The period of uncertainty into which England was plunged after the long rein of Henry V111 has always fascinated me. The boy king Edward, manipulated by his ambitious and greedy advisors, the tragedy of Jane Grey, and the bloody rein of Mary, all with the shadow of Elizabeth hovering in the background, was begging to be explored. But there was far too much rich and captivating detail for one book. It was clear to me that once I’d delved into the details of Mary’s hazardous accession to the throne, then I had to follow her into her rein and her struggle to hold the throne. And once I’d started to learn about the true character of Philip of Spain, then he had to play a significant if grim role in Pippa’s story.

The network of espionage, the switching of loyalties for political advantage, the dark underworld of spying was such a vital aspect of the period, and the men who played such parts so intrigued me that it was only natural that they should become the heroes. Men who were as ruthless as the age in which they lived; who lived their lives on the edge, deep in the shadows. Men who were by no means perfect or initially sympathetic, but whose lives and preconceptions were turned upside down by their involvement with the heroines.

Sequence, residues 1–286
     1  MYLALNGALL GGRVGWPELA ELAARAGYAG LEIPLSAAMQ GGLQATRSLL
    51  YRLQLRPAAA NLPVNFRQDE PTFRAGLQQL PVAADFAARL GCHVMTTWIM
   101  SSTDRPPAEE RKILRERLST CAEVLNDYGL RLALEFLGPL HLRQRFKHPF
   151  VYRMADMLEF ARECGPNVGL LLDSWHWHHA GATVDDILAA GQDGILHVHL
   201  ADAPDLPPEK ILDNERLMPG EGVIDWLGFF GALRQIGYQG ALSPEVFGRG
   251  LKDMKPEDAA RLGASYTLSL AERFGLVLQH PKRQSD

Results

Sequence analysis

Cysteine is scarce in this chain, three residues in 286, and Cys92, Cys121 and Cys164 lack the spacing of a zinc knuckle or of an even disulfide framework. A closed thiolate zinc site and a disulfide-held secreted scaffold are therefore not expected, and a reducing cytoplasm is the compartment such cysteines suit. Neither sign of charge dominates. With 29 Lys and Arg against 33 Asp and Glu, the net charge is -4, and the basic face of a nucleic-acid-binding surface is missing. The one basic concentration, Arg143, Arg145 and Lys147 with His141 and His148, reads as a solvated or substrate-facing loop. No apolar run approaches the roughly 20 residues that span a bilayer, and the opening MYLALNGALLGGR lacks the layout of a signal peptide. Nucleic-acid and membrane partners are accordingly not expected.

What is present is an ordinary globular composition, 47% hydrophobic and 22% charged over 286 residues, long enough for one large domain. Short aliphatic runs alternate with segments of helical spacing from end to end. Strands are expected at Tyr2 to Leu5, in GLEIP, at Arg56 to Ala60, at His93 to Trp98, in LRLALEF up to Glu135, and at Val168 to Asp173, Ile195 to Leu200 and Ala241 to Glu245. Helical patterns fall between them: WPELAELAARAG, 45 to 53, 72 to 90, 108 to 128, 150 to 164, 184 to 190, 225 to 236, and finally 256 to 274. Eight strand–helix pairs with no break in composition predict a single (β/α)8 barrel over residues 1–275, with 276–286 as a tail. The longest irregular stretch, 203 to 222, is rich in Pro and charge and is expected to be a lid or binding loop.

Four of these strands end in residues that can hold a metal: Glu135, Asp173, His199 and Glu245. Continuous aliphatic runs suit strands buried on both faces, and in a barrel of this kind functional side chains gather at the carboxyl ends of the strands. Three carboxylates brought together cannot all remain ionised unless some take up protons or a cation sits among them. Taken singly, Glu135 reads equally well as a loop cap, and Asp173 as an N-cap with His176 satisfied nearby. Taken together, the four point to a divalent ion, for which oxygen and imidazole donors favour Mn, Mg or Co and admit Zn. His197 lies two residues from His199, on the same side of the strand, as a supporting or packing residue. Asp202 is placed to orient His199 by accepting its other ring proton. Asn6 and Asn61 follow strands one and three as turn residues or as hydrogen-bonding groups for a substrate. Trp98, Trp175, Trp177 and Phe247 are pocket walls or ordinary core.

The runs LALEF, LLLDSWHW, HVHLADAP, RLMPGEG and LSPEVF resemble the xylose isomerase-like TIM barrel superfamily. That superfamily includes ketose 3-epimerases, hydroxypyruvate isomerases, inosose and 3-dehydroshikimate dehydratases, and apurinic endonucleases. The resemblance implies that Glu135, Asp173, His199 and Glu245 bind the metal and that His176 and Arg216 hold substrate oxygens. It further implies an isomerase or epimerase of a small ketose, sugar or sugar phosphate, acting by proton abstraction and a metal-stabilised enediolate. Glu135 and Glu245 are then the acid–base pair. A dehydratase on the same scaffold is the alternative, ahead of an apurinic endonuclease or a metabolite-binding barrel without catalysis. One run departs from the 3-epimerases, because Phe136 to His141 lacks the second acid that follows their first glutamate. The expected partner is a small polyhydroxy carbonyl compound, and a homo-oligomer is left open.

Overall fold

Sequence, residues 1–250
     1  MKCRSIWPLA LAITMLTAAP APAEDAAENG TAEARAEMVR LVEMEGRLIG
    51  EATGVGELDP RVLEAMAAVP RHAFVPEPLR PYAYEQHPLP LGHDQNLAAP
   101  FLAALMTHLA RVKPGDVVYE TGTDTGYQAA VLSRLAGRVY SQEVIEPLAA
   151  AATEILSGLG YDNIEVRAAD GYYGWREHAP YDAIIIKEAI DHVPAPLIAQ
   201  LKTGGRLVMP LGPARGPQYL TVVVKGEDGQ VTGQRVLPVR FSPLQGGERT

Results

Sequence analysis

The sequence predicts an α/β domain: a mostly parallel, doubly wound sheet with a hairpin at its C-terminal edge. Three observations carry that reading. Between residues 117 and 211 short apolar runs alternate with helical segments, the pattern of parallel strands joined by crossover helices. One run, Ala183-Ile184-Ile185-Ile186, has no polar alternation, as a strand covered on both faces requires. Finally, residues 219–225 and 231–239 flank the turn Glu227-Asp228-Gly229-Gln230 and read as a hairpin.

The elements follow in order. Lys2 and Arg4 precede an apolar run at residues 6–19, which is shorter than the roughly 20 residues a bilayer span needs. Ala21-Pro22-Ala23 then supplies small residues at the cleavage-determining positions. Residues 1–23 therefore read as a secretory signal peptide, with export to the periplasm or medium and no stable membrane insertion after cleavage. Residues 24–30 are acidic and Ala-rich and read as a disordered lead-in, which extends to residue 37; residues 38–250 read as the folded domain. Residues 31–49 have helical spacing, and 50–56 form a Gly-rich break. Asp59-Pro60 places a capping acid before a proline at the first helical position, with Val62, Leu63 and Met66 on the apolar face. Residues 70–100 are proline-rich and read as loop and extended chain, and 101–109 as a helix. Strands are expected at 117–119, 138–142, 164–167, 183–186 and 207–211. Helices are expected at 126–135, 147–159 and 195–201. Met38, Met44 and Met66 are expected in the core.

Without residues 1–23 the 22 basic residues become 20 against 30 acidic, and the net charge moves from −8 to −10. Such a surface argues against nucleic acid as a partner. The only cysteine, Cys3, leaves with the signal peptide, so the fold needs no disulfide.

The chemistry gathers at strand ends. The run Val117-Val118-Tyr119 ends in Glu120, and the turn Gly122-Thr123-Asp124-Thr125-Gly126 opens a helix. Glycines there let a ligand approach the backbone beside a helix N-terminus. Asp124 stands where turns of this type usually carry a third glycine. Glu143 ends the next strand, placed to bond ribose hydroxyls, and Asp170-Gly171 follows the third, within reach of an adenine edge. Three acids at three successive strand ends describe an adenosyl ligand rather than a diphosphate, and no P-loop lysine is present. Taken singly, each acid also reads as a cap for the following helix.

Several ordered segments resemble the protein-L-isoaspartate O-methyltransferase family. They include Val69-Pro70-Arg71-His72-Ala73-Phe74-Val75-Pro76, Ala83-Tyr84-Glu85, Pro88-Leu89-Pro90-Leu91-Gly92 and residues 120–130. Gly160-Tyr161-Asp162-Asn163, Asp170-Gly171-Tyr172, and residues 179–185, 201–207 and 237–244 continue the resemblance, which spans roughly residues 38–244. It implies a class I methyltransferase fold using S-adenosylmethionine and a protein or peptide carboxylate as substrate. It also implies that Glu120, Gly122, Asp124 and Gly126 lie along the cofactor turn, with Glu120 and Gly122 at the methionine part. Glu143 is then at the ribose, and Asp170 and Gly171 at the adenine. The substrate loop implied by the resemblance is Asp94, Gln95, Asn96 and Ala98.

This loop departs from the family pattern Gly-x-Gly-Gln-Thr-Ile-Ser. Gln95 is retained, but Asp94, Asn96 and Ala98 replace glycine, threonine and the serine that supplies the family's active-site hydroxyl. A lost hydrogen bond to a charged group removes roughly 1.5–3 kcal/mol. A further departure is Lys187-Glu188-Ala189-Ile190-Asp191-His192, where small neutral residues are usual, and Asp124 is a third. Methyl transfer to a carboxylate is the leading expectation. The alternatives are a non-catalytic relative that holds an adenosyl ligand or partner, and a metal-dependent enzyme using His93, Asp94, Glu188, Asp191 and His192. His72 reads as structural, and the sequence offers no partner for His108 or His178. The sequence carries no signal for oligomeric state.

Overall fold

So in short I had immense fun weaving the connected romances into the warp of history. It was, however, such a dark and ruthless age that it was quite a challenge to create a credible romance in amidst the brutal treacheries that informed the background to the stories.
I look forward to hearing from readers whether I succeeded or not. I know you’ll tell me!




Copyright 2002 Jane Feather.


From the Paperback edition.